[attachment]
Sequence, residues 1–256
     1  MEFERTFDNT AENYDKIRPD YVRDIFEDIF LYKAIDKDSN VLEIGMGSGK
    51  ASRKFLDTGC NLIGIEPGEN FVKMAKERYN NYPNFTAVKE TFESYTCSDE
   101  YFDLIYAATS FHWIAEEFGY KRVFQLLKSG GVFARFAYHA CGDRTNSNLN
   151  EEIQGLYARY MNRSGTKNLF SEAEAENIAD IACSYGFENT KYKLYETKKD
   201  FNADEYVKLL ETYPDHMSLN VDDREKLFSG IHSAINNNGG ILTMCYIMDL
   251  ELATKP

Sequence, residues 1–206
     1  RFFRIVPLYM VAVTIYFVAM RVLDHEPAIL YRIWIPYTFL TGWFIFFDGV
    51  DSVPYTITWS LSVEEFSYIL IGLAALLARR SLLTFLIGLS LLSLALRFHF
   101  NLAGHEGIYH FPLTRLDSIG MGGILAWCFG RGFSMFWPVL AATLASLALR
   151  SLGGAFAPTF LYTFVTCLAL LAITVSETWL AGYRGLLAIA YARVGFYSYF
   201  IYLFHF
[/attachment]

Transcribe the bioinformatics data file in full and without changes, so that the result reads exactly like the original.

Sequence, residues 1–256
     1  MEFERTFDNT AENYDKIRPD YVRDIFEDIF LYKAIDKDSN VLEIGMGSGK
    51  ASRKFLDTGC NLIGIEPGEN FVKMAKERYN NYPNFTAVKE TFESYTCSDE
   101  YFDLIYAATS FHWIAEEFGY KRVFQLLKSG GVFARFAYHA CGDRTNSNLN
   151  EEIQGLYARY MNRSGTKNLF SEAEAENIAD IACSYGFENT KYKLYETKKD
   201  FNADEYVKLL ETYPDHMSLN VDDREKLFSG IHSAINNNGG ILTMCYIMDL
   251  ELATKP

Sequence, residues 1–206
     1  RFFRIVPLYM VAVTIYFVAM RVLDHEPAIL YRIWIPYTFL TGWFIFFDGV
    51  DSVPYTITWS LSVEEFSYIL IGLAALLARR SLLTFLIGLS LLSLALRFHF
   101  NLAGHEGIYH FPLTRLDSIG MGGILAWCFG RGFSMFWPVL AATLASLALR
   151  SLGGAFAPTF LYTFVTCLAL LAITVSETWL AGYRGLLAIA YARVGFYSYF
   201  IYLFHF